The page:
The United Kingdom has for a time underestimated the number of positive cases of Covid-19 due to the technical limitations of Excel, and its ceiling set at nearly one million lines. Other blunders have in the past had sometimes dramatic consequences.
Keeping the national contamination register in Excel is a very perilous gamble. Those responsible for British health authorities have underestimated nearly 16,000 cases the number of contaminations to Covid-19 in the country. The problem, since resolved, has prevented contact cases of these same individuals tested positive, or nearly 50,000 people. It was due to a simple ignorance of an old version of Excel 2003 and its technical limitations.
As revered as it is hated, Microsoft’s spreadsheet software Excel is the world’s best-known database software. Indispensable for many, it involves a certain know-how and, for the most seasoned, extremely complex manipulations. Certain childish mistakes which could easily have been avoided have nevertheless in the past had monumental consequences. Back on several emblematic blunders.
Ghost cells at Barclay’s
Hiding a cell in Excel is not the same as making it disappear completely. Ignorance of this technical detail will have cost Barclays dearly. Through a reformatting error, the British bank booked 179 excess Lehman Brothers asset purchase contracts.
These were entered in hidden lines, and marked with an “n” to signify that they should not be part of the final agreement, reported in 2008 the financial media Finextra. The error resulted in Barclays Capital’s law firm filing a petition with a New York court to have unwanted contracts excluded from the final deal. The final sum disbursed by Barclays to bury this mishandling was not disclosed.
British intelligence misled
MI5, a prestigious British intelligence service, also paid the price for an Excel error. In 2010, the agency improperly collected data on the holders of 134 telephone numbers. A formatting error, again, had led to the modification of their last three digits by “000”.
“The subscriber data collected had no connection and was in no way relevant to investigations or operations undertaken by the security service”, wrote Sir Paul Kennedy, then communications commissioner, in his 2010 annual report. The cause of the incident has not been fully elucidated.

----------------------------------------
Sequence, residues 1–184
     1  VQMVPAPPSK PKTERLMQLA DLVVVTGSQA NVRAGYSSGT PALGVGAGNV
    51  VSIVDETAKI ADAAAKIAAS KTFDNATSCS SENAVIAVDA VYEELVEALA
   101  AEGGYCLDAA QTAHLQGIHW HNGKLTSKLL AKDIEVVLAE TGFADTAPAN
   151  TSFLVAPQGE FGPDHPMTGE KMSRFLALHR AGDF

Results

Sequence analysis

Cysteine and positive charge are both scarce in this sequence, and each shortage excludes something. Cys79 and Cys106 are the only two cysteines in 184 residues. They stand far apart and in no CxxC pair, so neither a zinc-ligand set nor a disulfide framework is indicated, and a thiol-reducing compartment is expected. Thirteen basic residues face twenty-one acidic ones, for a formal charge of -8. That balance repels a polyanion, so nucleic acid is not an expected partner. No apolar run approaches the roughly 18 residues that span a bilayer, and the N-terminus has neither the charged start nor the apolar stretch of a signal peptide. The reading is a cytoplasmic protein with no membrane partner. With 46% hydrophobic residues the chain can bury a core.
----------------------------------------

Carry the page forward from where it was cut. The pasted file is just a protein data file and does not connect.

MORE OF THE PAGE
Tickets for the Olympic Games sold at a loss
One of the biggest Excel-related mistakes in recent years, British once again, was made ahead of the London Olympics. It led to the sale of 10,000 excess entry tickets, for a very simple reason: one of the employees in charge of the ticket office had entered “20,000” instead of “10,000” in the box devoted to the number of tickets. entrance tickets to attend synchronized swimming events, reported BBC News in 2012.
In compensation, the 3,000 customers who bought these fictitious tickets were upgraded and invited to participate in more popular, in fact more expensive events. A loss-making operation for the organizers.
A plus for a minus
The so-called “Magellan” case, named after an investment fund managed by the American company Fidelity Investments, is still a landmark in Excel error. In 1995, the New York Times relates a mistake committed by one of the company’s accountants: by forgetting to enter a “-” sign at the beginning of a cell, the latter records a gain of more than one billion dollars, instead of the register as a loss.
The blunder, at 1.3 billion dollars, is passed on to the shareholders, who are deprived of part of their end-of-year payments, set at 4.32 dollars per share. Discovering this unfortunate confusion, then chief executive of Fidelity Investments, J. Gary Burkhead, made a scathing observation: “Some people have asked us how, in the age of technology, such a mistake could have happened. be committed “, reported the press agency AP News. The name of the accused accountant has not been rumored.
False cells and genetics
Excel’s propensity to automatically transform instructions into dates has wreaked havoc in the scientific community. Twenty-seven names of human genes had to be changed by the committee of dedicated researchers, the Human Gene Nomenclature Committee, after having been misunderstood several times by the spreadsheet, explained this year the American site The Verge.
Concretely, the names of the SEPT1 and MARCH1 genes were systematically transformed into dates, as soon as they had been entered in an Excel spreadsheet. They now operate under new names: SEPTIN1 and MARCHF1.